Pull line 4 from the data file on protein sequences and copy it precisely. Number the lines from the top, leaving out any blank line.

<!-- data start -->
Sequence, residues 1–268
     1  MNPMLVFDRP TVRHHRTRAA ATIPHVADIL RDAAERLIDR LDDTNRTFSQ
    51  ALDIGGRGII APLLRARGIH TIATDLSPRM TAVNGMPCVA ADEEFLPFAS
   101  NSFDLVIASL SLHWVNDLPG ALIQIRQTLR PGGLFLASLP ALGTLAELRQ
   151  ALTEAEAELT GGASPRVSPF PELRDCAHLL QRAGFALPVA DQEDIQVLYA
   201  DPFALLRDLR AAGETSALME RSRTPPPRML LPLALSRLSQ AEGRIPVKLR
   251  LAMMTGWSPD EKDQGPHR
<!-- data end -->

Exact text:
   101  NSFDLVIASL SLHWVNDLPG ALIQIRQTLR PGGLFLASLP ALGTLAELRQ